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It's not you, Marcus Baugh, it's Urban Meyer

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The tight end position has routinely been neglected in Urban Meyer's offense, so why should this year be any different?

Mark J. Rebilas-USA TODAY Sports

Marcus Baugh is by all accounts a pretty great football player and person. I mean, the guy may not be super active on Twitter, but when he is, we are treated to low-key hilarious Ricky Bobby quotes and timeless Boobie Miles words of advice.

Last season Baugh made a name for himself as the Buckeyes' number two tight end, consistently providing sound blocks in the Buckeyes' two tight end packages. #BaughMania reached its height during Ohio State's recent spring game, with seven catches for 64 yards, Baugh displayed surprising athleticism for his 6'5 255-pound frame, and production seldom seen from an Ohio State tight end.

In an offense that just lost its top five receiving threats, this could be the perfect opportunity for the returning Baugh to leverage his familiarity with J.T. Barrett into a big year, right?

Sadly, I disagree with the idea that this could finally be the year a talented Ohio State tight end breaks out in Urban Meyer's offense. This is in no way a slight on Baugh and his skillset, but expecting a breakout year from Baugh goes against everything we should expect from an Urban Meyer run offense.

Tight ends under Urban Meyer

The talent has always been there for Meyer's tight ends. First it was leading Fickell-era receiver Jake Stoneburner who was garnering high expectations from the media, as well as himself. However, even after moving from an offense that once threw the ball four times THE ENTIRE GAME against Illinois to the lethal Meyer spread attack, Stoneburner was relegated to an afterthought in Meyer's offense. Sure, Stoneburner managed to increase his yardage and reception totals with Meyer on board, but a receiver stat line of 16 receptions for 269 yards and four touchdowns is hardly anything to get excited over, and this is even after Meyer dubbed Stoneburner as a player who could seamlessly play both tight end and wide receiver.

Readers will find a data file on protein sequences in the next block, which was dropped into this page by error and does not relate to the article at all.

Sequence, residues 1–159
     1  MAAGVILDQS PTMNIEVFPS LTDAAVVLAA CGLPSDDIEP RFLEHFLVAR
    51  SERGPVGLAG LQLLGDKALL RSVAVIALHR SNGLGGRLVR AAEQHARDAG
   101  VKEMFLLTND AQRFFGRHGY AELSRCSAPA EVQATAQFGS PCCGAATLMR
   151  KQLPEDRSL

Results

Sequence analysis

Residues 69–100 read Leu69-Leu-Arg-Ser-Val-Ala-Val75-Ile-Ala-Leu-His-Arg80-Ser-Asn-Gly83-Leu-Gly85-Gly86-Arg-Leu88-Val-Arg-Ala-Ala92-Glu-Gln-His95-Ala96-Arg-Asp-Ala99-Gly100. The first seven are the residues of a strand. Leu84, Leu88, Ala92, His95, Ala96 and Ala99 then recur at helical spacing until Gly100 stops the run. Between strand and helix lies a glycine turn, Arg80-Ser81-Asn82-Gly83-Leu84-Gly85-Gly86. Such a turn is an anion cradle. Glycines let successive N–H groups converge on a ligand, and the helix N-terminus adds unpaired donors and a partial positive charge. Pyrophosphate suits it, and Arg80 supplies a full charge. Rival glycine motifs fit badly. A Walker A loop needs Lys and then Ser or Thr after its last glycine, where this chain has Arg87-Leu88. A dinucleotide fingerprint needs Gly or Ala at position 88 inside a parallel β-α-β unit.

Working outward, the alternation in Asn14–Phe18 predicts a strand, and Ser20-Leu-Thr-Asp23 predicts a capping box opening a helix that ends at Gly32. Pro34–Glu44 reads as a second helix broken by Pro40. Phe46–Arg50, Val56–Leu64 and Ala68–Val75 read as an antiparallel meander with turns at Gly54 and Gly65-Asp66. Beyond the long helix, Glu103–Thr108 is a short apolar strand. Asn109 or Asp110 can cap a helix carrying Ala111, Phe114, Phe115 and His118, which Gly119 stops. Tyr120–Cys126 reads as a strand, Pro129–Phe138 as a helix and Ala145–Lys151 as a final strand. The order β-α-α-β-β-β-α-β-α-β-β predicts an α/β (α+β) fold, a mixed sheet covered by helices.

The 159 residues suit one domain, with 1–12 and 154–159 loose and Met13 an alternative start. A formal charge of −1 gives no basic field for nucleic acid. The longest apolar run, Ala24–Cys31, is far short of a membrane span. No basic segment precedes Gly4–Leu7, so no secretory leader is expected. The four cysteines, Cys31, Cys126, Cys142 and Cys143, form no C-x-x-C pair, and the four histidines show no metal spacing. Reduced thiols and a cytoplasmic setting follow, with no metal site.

But maybe Stoneburner wasn't the athlete we all thought he was. Maybe Jeff Heuerman, drafted in the third round of the 2015 NFL Draft by the Denver Broncos, would be the man to push the tight end to the forefront of Meyer's offense. The 2013 season saw success from Heuerman in the form of 26 receptions for 466 yards and four touchdowns, which was great, however a lot of that success came on plays like this:

In an offense that was essentially "find different ways for Carlos Hyde and Braxton Miller to run all over the defense", Heuerman's role was to make the defense pay when their eyes got caught too deep in the Buckeyes' backfield. This is the reason for Heuerman's very high yard per catch total, but the fact of the matter is that Heuerman was usually the lucky recipient of a blown coverage for a lot of his production.

While injuries played a role in Heuerman's senior year yards and touchdown totals being cut in half, the emergence of Nick Vannett as a receiving threat also made Heuerman's already scarce opportunities even more rare. Vannett managed to score five touchdowns in Ohio State's magical 2014 season, and while a different Buckeyes quarterback meant a more sophisticated passing game, both Vannett and Heuerman continued to mostly produce by virtue of their involvement in the running game. This is evidenced by Vannett's touchdown in the national championship against Oregon: